The cost of a material. To illustrate his point, Evans offered several examples of situations that come up in procurement activities. A fundamental question is: What is the true cost of a material? “Typically, most companies use a volume-adjusted measurement of purchase-price variance in examining cost. It generally boils down to ‘units times price,’” he said. Evans pointed out, however, that the components of cost could be much greater. Cost can entail “obvious additional elements” such as freight and distribution costs, but also can include “important, yet less obvious elements” such as inventory carrying cost, support organization transaction costs, time, and effort, he said. Also, “critical, yet often obscure elements” such as performance and quality are crucial components of determining cost. It is also important to take into consideration that cost is not a one-year occurrence. “Cost is longitudinal, meaning how can future savings be captured,” he added.
Risk-mitigation. “All companies talk about the need to mitigate risk in purchasing decisions, meaning ensuring security of supply,” said Evans. Simple ways of minimizing risk can be through the use of active market intelligence, multisource procurement, long-term supply agreements, and quality audits, inclusive of inventory requirements. Although risk mitigation is important, it typically is not measured, or if it is measured, it is more on a subjective basis. “The risk discussion must have meaning beyond purchasing and go beyond a theoretical concept,” said Evans. “If risk mitigation is not measured and rewarded, it will be underemphasized.”
Incorporation of broader objectives. Evans said most companies have global initiatives with broader goals such as minimizing environmental impact, having sustainable business relationships, long-term perspective on growth, and assurance of quality to customers and shareholders. “Yet again, how is this typically incorporated into the measured and rewarded objectives of the purchasing organization?” said Evans. “Suppliers need to encourage purchasers to help ‘tell the story’ of how their global objectives are being supported. Suppliers and purchasers need to quantify impact where possible and have high-level internal dialogue that goes beyond the negotiation table about these objectives and their importance,” he said. The key takeaway is that suppliers need to take joint responsibility by going beyond cost per unit when defining value, he emphasized.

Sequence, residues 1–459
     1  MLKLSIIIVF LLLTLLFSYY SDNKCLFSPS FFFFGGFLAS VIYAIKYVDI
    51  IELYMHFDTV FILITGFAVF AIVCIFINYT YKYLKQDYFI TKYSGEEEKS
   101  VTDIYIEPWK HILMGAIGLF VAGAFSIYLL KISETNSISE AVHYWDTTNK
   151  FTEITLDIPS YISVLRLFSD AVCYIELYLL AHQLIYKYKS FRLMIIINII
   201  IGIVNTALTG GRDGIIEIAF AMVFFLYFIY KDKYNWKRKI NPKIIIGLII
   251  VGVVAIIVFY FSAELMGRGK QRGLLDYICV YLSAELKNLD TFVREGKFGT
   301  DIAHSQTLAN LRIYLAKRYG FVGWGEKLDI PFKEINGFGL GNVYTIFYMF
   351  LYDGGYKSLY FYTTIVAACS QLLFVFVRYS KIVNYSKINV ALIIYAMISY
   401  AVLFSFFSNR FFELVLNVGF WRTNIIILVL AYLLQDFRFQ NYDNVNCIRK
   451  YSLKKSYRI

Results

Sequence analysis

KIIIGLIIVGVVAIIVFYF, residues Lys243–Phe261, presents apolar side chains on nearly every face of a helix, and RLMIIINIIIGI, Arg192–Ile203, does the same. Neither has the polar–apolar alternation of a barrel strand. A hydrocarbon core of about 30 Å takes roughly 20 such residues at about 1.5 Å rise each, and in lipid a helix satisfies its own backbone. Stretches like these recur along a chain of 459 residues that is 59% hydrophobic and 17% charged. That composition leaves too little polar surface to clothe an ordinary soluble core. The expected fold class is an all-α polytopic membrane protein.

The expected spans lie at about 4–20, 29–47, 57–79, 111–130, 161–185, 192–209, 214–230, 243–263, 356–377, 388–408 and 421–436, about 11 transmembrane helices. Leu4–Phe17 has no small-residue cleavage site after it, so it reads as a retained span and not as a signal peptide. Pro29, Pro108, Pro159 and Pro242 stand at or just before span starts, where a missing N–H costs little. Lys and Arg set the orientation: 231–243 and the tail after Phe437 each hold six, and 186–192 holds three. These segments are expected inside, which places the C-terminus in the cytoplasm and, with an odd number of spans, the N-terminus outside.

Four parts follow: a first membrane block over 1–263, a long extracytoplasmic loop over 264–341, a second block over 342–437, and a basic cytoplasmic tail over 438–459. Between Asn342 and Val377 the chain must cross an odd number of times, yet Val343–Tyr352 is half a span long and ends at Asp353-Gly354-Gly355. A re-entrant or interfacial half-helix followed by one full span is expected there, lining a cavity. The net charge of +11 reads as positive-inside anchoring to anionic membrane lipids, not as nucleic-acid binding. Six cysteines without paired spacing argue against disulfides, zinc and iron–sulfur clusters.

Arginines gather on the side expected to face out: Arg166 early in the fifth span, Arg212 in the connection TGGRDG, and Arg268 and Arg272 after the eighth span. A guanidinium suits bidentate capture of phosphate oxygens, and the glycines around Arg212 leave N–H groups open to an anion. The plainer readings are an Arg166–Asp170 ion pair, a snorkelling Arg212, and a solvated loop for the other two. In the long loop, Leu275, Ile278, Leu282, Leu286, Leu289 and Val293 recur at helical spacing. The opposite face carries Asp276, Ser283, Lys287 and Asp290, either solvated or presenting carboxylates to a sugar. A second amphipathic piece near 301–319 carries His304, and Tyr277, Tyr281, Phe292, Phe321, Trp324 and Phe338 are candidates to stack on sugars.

Influence of the broader market. A final consideration is to consider the effect an individual firm may have on the broader market, particularly over time. “The bigger picture needs to be incorporated by individual players, both suppliers and purchasers,” said Evans. For example, suppliers have to consider long-term interests and not engage in risky short-term behavior such as cutting costs unrealistically, lowering quality, or engaging in anticompetitive behavior. Similarly for purchasers, a key question is: How can the health of the overall supply picture be built into the decision-making process of the firm? “It is important for industry purchasers to have rules to play by to ensure a healthy marketplace,” said Evans. “Trade associations are also crucial to maintaining a broader perspective. ”
Given the need to redefine how procurement success should be measured, Evans outlined some improvements that companies might explore to get better results. These improvements involve the metrics themselves as well as organizational and attitudinal approaches as follows:
• Perform an active and holistic review of purchasing decisions, which also include other functional areas of the organization such as general management and finance
• Modify the incentive structure to incorporate the intangible goals of the organization
• Use risk-adjusted financial models versus one-dimension cost-variance reports
• Create evergreen, multidisciplinary teams that assess the true cost of purchasing decisions across the organization
• Become actively involved within industry groups to ensure a healthy operating environment
• Maintain genuine concern over the health of one’s suppliers.